As President Obama has said, “no one should be harmed because of who they are or who they love”. To ensure a comprehensive U.S. response to these threats, one year ago, President Obama issued the first ever Presidential Memorandum to advance the human rights of LGBT persons, requiring all U.S. agencies engaged abroad to “ensure that U.S. diplomacy and foreign assistance promote and protect the human rights of LGBT persons,” and to report annually on their progress. Continue Reading

OpEd by Bishop Desmond Tutu on Uganda’s Anti-Homosexuality Bill

Bishop Desmond Tutu, Uganda's Anti-Homosexuality BillAs it appeared today in Uganda’s Daily Monitor newspaper

To Ugandan MPs: God does not discriminate among our family

Uganda’s Parliament is – unbelievably – on the verge of considering a new piece of legislation that would have the effect of legalising persecution, discrimination, hatred and prejudice in that country.

Should the Anti-Homosexuality Bill be voted into law, it will criminalise acts of love between certain categories of people, just as the apartheid government made intimate relations between black and white South Africans a punishable offence.

Members of the apartheid police force charged with the upkeep of “morality” would rush into the bedrooms of suspected offenders to gather evidence, such as warm bed sheets. Those found guilty were arrested, put on trial and punished. What awaits the people of Uganda?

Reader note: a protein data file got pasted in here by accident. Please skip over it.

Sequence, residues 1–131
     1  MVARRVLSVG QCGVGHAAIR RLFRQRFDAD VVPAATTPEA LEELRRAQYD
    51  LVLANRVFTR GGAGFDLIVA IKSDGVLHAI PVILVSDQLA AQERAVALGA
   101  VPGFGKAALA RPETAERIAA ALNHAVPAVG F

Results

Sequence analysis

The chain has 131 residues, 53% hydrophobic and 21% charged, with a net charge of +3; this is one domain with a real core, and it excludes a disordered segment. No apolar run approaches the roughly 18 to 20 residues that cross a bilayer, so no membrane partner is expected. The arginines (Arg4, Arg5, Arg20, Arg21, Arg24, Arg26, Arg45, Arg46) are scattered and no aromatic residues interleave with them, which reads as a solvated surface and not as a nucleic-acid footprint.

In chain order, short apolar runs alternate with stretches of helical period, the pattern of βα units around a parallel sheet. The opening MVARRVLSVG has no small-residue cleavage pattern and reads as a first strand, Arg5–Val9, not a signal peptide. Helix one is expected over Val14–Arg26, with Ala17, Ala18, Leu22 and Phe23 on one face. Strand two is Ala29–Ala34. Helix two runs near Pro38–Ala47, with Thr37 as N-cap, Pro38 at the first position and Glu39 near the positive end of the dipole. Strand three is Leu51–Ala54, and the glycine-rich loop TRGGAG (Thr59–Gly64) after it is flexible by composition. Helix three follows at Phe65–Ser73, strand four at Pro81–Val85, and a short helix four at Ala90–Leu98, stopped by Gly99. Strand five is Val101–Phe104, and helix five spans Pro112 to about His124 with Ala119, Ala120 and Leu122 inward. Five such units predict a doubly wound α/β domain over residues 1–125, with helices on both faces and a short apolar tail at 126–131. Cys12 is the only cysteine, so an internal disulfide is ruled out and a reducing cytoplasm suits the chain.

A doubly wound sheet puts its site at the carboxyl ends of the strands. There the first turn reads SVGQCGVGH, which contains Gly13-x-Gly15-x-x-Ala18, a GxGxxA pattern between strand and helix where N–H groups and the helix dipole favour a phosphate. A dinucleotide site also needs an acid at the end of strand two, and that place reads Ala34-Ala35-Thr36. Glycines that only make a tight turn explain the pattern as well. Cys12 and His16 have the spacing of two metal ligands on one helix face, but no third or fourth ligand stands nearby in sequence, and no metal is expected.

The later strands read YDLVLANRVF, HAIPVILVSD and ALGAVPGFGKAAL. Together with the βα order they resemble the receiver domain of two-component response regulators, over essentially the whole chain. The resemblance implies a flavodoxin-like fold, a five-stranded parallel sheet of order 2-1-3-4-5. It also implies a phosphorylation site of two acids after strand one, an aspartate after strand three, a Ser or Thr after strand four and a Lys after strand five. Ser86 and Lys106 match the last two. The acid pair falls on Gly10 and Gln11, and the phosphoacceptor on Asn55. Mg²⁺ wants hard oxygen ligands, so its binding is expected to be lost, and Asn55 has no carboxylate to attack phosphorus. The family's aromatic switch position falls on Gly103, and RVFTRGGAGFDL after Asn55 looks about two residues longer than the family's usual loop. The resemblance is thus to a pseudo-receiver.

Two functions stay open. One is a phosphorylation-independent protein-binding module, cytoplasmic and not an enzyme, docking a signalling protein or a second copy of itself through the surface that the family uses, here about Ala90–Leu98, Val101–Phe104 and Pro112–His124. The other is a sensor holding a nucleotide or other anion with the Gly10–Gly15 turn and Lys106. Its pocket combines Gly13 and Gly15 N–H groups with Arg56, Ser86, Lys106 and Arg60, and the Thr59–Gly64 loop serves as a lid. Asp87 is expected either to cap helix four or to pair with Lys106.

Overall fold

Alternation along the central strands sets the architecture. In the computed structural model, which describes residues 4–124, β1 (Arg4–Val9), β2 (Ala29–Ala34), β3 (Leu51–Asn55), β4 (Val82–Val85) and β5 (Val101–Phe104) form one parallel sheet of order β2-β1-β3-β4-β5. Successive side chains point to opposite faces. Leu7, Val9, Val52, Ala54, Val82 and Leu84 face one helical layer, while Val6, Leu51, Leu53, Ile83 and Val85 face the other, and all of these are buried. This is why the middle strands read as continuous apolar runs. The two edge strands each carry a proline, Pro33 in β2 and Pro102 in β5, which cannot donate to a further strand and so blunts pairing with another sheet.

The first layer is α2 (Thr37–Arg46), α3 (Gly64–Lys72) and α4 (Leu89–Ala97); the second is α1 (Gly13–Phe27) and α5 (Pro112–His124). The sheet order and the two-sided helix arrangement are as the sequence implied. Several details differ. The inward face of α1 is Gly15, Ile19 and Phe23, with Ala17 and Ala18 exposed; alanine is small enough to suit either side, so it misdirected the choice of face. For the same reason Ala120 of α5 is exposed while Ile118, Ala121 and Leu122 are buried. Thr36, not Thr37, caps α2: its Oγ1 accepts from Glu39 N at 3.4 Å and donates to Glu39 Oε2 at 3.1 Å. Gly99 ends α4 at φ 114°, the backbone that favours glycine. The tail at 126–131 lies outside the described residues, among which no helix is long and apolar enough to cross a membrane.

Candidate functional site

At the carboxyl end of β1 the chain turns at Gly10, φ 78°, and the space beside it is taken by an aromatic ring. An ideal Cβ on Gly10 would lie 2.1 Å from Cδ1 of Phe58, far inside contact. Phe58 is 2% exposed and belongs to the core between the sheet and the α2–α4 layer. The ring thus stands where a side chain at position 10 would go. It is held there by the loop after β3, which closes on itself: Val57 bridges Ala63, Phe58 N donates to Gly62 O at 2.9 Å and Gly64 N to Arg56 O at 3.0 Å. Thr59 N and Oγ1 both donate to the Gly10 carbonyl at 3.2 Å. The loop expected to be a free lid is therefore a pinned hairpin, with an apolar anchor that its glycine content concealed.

One thing that Ugandan legislators should know is that God does not discriminate among members of our family. God does not say black is better than white, or tall is better than short, or football players are better than basketball players, or Christians are better than Muslims… or gay is better than straight. No. God says love one another; love your neighbour. God is for freedom, equality and love. Continue reading

Human Rights Day Message from Navi Pillay, United Nations High Commissioner for Human Rights

Click for Related Information on Human Rights Day:

Visit the My Voice Counts page of the United Nations

Statement by Ambassador Susan E. Rice, U.S. Permanent Representative to the United Nations, on International Human Rights Day

Celebrating Human Rights Day- U.S. Department of State

Press Statement from Secretary of State Hillary Rodham Clinton